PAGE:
Excerpt from the OH&S Canada Magazine
The suffocation death of an employee inspecting a nitrogen-hauling tank in August, 2005 has landed CVA Canada Inc. penalties totaling $325,000.
The Alberta-based company, which services cryogenic tanks, pleaded guilty in March to a single violation of the province’s Occupational Health and Safety Code, says Barrie Harrison, a spokesperson for Alberta Employment and Immigration (AEI). The company failed to “ensure that equipment appropriate to the confined space, including personal protective equipment, was available to perform a timely rescue,” Harrison says.
Robert Makortoff, 35, was discovered by a foreman unconscious inside the tank he had been inspecting. Upon finding Makortoff, the foreman called emergency services and began pumping compressed air into the tank, Harrison reports, noting the company did not have proper respiratory equipment for a rescue on hand.
The nitrogen-hauling tank had been brought into CVA Canada’s repair shop in Red Deer, Alberta as a result of concerns over a possible leak. As part of the check, low-pressure nitrogen gas was pumped into part of the tank, Harrison reports. The flow of nitrogen, however, was accidentally left on overnight, he says.
Makortoff was assigned the following day to look over the exterior of the tank to determine if any damage had resulted from the gas being left on. He climbed inside the unit without wearing personal protective equipment (PPE).
The foreman later returned and found Makortoff slumped inside the tank, says Harrison. Personnel with the Red Deer Fire Department (RDFD) had trouble entering the tank because of the size of the respiratory equipment being used, he adds.
Of the $325,000 penalty, a lion’s share of $300,000 will go to Red Deer College to establish new safety programming related to the petroleum sector and to create an endowment fund in Makortoff’s name, meant to benefit students in safety programs at the college. As well, the RDFD will receive $20,000 to help with the purchase of confined space rescue equipment. The final $5,000 is a victim fine surcharge.
CVA Canada has made several changes to procedures since the deadly incident, says Bill Nickel, the company’s general manager. A confined space policy has been implemented that spells out, among other things, hazard assessments, certification and PPE purchases.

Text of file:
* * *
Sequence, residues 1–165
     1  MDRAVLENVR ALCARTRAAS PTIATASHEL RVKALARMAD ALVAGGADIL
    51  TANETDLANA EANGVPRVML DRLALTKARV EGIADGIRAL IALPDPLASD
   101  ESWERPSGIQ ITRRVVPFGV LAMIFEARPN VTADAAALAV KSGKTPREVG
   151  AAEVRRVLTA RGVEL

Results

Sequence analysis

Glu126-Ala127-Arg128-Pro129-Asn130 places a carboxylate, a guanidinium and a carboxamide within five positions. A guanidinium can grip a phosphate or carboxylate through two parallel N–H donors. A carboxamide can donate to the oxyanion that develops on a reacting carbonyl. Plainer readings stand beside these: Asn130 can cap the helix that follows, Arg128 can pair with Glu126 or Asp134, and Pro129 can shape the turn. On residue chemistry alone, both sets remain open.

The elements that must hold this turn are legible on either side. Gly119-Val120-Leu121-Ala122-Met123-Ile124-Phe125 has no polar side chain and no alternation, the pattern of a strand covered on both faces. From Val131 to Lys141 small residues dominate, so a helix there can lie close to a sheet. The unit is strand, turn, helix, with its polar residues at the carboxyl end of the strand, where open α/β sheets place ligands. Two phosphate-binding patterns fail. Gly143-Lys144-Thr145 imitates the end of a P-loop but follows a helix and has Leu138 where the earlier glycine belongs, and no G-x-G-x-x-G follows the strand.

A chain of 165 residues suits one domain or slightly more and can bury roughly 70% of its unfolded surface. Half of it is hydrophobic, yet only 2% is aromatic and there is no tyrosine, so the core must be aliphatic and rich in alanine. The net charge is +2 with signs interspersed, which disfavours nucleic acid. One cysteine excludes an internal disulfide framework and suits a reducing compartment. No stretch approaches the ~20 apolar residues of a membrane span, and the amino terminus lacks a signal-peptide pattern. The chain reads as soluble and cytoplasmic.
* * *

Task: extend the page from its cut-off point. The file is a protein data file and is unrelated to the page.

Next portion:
It seems that no one does anything about confined space entry until a death occurs. Alberta, however, did not want to upset the applecart and arranged the fines to be more of a donation that a occupational penalty.
Let’s review. $300,000 of the fine(?) will be going to the Red Deer college to establish a new safety program. I wonder if they are receiving financing or have they been given a time frame for the donation, I mean fine. $20,000 will be going to the RDFD to purchase confined space rescue equipment.
Do you mean to say that they didn’t have the equipment already? Hmm… Oh yeah, their equipment was not the right size to enter the space. Hmm… The last part is the $5,000 victim fine surcharge. Now we get to the root. The actual fine is $5,000 and the rest is a donation.
Well done once again Alberta. You have done nothing to dissuade the employers in your area to behave in a safe manner. No, the workers are at risk again. No corrective action put in place.
In Ontario, and I have a few examples of a confined space entry accident, the fines were in the same range BUT were all fines with no money ear-marked for something else. Yes, and a permanent corrective action plan was completed before the case was closed.
Remember — In Canada, “ALL Accidents are Preventable”
Alberta, on the other hand, failed their workforce once again.
‘Work’ and ‘Play’ safe.
Daniel L. Beal
VP & Senior Trainer
HRS Group Inc.